15325 Thu, 10/02/2008 - 9:54am
By Mike Duff
Lamps have been in transition at both Target and Wal-Mart, changing locations and adjacencies recently, but that’s where their similarities end.
Perhaps the biggest opportunities for the chains come from the range of attractive styling each is able to provide at value price points.
The two programs differ greatly in scale. In a comparison of two Long Island, N.Y., stores, Target wielded a much larger assortment. The Minneapolis-based chain balanced style and price for its middle-class core customer.
In a recent store renovation effort—centering primarily on pantry expansion but also targeting other select departments—Target moved lamps from a back corner to a position near the center of the store on an aisle adjoining women’s apparel.
In terms of brand, nearly the entire lamp assortment came under Target’s Home banner. Styling ranged from traditional to modern with many examples of the intermediary casual modern or transitional look that has become increasingly popular in the mass market. Price points in floor lamps, which had a 36-foot run in an aisle perpendicular to table lamps and a feature display piece for each SKU, ranged from $27.99 to $69.99. Metal fabrications dominated the display, but some wood finish floor lamps made the assortment.
Target devoted another 240 linear feet in a 64-foot run to table lamps, with 16 feet solely for novelty and licensed products.
The table lamp assortment also covered the traditional/transitional/modern styling gamut. Again, metal predominated. However, Target also offered wood finishes, resin and clear fabrications with glass and acrylic constructions particularly well represented. Price points ranged from $19.99 to $45.99.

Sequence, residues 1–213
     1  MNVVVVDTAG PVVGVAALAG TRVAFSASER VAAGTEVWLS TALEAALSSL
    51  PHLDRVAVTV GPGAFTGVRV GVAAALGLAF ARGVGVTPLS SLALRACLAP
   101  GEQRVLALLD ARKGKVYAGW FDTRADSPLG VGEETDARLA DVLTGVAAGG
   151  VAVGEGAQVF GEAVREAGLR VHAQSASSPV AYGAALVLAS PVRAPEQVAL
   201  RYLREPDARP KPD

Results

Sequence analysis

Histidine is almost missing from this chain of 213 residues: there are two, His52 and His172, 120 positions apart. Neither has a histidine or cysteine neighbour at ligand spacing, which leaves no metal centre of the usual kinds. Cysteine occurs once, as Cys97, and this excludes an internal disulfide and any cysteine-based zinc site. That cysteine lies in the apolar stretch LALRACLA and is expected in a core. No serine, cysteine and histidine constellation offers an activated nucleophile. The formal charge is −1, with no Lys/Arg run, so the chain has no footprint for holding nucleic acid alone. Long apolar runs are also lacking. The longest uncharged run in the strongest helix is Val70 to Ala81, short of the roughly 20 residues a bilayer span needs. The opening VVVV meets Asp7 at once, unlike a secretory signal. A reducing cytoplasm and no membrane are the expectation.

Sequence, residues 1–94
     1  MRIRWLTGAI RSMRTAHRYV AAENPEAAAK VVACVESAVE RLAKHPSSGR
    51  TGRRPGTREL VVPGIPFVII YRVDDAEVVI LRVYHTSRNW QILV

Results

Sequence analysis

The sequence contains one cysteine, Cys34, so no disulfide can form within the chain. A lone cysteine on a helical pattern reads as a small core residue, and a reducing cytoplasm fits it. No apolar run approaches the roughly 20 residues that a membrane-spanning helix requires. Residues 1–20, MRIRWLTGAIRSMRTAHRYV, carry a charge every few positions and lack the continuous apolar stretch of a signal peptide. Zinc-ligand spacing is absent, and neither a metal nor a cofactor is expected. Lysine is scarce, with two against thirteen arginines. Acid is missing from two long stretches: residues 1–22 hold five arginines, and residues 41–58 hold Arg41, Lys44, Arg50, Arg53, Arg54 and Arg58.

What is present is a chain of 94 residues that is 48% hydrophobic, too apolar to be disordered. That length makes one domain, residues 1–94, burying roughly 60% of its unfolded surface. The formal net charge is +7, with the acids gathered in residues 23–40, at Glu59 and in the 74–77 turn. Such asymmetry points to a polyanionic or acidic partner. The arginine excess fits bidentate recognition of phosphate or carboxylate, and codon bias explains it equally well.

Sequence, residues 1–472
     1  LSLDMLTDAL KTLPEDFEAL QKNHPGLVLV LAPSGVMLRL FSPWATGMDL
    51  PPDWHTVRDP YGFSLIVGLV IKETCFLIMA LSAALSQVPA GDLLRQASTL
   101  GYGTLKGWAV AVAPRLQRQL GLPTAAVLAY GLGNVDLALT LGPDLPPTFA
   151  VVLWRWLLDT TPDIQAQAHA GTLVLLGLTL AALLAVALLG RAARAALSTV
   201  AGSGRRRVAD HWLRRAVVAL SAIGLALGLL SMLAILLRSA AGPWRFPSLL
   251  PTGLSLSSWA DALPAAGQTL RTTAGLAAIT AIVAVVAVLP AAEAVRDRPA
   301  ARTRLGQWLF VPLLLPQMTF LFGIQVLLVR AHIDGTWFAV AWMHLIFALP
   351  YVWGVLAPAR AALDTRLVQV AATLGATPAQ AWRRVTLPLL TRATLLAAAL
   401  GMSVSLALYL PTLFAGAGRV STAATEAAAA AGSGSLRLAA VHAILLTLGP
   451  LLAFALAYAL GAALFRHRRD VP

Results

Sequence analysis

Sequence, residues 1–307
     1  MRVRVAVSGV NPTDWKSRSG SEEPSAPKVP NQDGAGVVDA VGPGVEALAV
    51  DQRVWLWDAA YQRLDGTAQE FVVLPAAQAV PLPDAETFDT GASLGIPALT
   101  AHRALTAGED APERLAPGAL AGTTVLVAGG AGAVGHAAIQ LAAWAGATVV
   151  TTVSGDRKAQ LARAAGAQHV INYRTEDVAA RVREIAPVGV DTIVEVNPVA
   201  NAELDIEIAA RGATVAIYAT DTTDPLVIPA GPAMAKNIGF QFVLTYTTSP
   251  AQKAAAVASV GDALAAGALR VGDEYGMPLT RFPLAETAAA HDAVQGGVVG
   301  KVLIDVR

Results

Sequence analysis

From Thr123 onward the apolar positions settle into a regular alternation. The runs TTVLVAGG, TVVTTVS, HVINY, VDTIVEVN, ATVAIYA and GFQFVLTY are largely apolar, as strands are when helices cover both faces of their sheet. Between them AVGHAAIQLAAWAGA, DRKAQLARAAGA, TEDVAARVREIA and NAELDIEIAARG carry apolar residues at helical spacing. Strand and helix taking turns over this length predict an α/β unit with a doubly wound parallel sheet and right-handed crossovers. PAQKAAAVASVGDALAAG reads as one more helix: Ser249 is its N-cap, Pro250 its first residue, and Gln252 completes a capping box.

The only endcap with lamps at either store was at Target and offered back-to-school College 08 branded boxed sets—including a table and floor lamp—at a $55.98 price point.
Signage was limited to price stickers on table lamp shelves, but included informational price cards in table lamps.
The Wal-Mart store has recently reconfigured home furnishings sections to centralize home around departmental signage and lower gondolas to enhance category coherence and permit easier shopping. It has also introduced new in-store brands, the licensed Better Homes and Gardens and private Canopy, and their role in lamps appears to be evolving.
Wal-Mart included both floor and table lamps in a 40-foot run, which, as was the case at Target, consisted of standard gondolas. The retailer skewed the traditional/transitional/modern arrangement a bit toward the traditional. While some table lamps were merchandised without packaging, all the floor lamps were boxed and no assembled feature display lamps were provided.
At the head of the run, 12 feet of the section were dedicated to table lamps and shades under Wal-Mart’s HomeTrends private label. Lamps were priced from $10 to $25.
The next 4-foot section and four linear feet in the one previous were dedicated to Better Homes and Gardens lamps, which were packed with shades and all in attractively colored boxes. Price points in table lamps, which covered about 12 linear feet, ranged from $9.97 for an accent lamp to $15.97 for a bronze finish full-sized table lamp. Floor lamp price points ranged from $29.97 to $54.97. Three floor and table lamp sets ranged in price from $34.97 to $63.99. Floor lamps in the final four linear feet included items from Wal-Mart’s HomeTrends and Mainstays private labels.
The following 12-foot run was a mix of small table, accent and desk lamps, including a pharmacy work lamp under Wal-Mart’s new Canopy private label. Price tags went as high as $49.97 for a bronze table lamp and as low as $7.44 for a small desk lamp. A small selection of novelty lamps finished off the table lamp segment.